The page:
Professor Steven Barnett, a long-time supporter of the BBC, was so unhappy with some of its analysis of the Euro elections that he recently tweeted: “Dear BBC News, this is precisely the kind of detail that your reporters are consistently getting wrong and you must get right.”
The BBC’s current view, as stressed in its recent European election guidelines, is that “the election needs to be seen both through the prism of Brexit and through the distinctions of party”.
The corporation has found it difficult to reflect or refract all the political colours of the UK in 2019, and its chief political advisor, Ric Bailey, says there is a “tension between the binary nature of issues such as Brexit and the fragmentation of party political loyalties”.
"‘Broadcasters have more freedom than ever [but] they don’t always take it’"
At the start of my 50 years in broadcasting, the election-time rules were just plain wrong. A committee decided how many election broadcasts each party should have and that became the formula for news coverage. Parties would ring up after each bulletin and argue about every extra 30 seconds they claimed the other side had got. In 1992, I announced that ITN would “throw away the stop watch” and decide the news coverage on news values alone.
Others followed but broadcasters found it difficult to break away from the equation “‘equal time equals balance equals due impartiality”. It doesn’t and shouldn’t. The old rules have fallen away and broadcasters have more freedom than ever to interpret how to achieve due impartiality during and outside elections. They don’t always take it.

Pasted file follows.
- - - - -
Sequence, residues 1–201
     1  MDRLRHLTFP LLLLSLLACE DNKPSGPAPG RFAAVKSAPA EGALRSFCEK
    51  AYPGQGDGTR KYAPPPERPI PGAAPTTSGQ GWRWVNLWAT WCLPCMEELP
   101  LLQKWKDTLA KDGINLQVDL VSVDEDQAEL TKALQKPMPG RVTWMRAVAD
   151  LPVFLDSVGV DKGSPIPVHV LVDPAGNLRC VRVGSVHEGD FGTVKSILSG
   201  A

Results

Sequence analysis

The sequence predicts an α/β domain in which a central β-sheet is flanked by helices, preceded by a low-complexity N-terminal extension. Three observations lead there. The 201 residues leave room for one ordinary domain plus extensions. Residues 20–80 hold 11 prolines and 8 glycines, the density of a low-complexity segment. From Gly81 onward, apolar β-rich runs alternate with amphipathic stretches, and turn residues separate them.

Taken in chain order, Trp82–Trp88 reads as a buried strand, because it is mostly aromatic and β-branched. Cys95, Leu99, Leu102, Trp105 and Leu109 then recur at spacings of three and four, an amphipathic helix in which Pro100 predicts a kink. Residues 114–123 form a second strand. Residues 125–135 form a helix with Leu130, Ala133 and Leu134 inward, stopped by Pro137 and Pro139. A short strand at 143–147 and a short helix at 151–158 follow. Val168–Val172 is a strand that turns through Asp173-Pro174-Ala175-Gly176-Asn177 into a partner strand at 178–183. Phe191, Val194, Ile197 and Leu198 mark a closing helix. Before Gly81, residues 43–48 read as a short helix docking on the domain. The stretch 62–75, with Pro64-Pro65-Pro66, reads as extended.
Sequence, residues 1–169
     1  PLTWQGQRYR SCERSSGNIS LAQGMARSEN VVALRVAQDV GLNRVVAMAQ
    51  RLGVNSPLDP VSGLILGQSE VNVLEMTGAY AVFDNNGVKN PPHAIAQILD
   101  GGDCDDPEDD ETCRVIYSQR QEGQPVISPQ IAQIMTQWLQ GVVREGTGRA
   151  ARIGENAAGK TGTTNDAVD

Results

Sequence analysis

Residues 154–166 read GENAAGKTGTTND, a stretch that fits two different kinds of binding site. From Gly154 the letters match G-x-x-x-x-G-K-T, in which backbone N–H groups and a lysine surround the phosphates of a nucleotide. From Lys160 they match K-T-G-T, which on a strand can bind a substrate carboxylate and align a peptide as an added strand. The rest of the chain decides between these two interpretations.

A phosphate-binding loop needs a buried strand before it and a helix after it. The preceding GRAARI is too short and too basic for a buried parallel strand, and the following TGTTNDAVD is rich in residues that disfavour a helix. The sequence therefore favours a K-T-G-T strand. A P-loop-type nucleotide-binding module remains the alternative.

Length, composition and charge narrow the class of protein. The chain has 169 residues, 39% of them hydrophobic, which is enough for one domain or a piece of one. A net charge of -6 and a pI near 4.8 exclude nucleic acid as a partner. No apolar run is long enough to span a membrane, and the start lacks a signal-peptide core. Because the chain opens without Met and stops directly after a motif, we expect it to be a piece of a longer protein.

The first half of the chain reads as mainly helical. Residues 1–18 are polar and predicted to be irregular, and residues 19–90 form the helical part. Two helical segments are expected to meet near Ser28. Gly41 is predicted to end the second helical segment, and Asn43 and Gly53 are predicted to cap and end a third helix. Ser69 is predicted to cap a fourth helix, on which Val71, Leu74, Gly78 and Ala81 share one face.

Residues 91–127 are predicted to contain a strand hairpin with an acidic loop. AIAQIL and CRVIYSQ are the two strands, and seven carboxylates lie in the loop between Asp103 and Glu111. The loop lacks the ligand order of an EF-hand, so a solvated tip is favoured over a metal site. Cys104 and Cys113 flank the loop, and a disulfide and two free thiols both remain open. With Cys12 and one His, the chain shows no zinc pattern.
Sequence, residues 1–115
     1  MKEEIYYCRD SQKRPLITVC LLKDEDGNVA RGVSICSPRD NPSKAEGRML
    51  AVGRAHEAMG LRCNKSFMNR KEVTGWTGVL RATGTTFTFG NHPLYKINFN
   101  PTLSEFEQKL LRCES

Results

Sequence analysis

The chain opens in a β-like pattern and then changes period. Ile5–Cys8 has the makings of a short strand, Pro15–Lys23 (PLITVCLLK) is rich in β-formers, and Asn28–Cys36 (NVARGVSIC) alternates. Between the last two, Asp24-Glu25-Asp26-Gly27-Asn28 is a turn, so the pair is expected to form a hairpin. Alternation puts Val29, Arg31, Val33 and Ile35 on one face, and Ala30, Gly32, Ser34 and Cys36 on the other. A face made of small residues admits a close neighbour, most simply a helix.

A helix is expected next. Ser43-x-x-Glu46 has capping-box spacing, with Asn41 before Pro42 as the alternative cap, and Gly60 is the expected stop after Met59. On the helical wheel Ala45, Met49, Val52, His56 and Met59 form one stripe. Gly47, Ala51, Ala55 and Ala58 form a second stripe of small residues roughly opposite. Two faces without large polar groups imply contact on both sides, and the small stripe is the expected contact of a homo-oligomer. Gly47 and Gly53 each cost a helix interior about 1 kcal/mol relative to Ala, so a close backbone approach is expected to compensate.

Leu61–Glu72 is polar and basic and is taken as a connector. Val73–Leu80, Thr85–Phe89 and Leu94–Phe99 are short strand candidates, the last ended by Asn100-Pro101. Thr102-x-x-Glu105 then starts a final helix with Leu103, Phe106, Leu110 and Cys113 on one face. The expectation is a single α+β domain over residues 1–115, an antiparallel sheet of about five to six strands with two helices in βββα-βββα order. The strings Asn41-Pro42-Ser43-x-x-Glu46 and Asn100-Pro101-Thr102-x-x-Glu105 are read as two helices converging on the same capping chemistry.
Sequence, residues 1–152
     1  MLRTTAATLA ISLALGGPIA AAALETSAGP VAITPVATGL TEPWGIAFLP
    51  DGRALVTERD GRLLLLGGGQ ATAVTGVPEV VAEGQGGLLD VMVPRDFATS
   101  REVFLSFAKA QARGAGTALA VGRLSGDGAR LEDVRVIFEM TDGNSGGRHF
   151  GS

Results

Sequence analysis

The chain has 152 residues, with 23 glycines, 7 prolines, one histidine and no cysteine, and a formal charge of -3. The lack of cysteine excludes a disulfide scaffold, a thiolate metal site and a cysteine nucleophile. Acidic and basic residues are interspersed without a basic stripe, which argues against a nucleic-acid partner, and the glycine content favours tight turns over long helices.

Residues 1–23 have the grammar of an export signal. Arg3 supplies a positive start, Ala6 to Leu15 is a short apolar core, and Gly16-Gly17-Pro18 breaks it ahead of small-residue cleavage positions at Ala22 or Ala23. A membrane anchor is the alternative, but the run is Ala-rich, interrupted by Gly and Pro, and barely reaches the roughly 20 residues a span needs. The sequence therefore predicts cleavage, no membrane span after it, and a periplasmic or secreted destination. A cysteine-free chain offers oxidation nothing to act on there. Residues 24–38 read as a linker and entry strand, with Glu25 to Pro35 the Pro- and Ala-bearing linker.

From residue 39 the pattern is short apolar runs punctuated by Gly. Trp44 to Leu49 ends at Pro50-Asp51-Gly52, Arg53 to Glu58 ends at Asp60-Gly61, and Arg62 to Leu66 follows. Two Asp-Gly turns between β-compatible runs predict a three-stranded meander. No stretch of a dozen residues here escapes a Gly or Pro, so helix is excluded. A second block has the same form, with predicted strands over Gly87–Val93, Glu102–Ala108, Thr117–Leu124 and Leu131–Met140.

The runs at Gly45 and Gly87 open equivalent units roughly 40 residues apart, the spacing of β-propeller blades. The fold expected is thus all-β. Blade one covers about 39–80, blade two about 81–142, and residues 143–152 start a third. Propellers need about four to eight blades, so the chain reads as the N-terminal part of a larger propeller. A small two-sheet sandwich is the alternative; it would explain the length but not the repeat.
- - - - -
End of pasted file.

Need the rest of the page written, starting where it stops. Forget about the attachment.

At the time of the 2016 referendum the BBC insisted that “news judgements continue to drive editorial decision-making in news-based programmes”. The BBC – and, indeed, all broadcasters – have to keep asserting the primacy of this doctrine over a time-based formula and be bolder in defending it.
The head of BBC newsgathering, Jonathan Munro, told the Radio 4 programme Feedback last month that the BBC was now reviewing its approach to election coverage, particularly in the light of the increased use of social media. He called it “an evolution rather than a moment of change”.
There are bound to be different views inside the BBC about the speed of that evolution, but innovations such as Reality Check and Brexitcast show that there are new ways in which audiences can check facts and taste the many and varied flavours of UK politics. Broadcasters need to seize these or face more hostility as Brexit continues to dominate the news agenda.
Stewart Purvis was formerly CEO of ITN and an Ofcom content regulator. He is a non-executive director of Channel 4 and writes here in a personal capacity.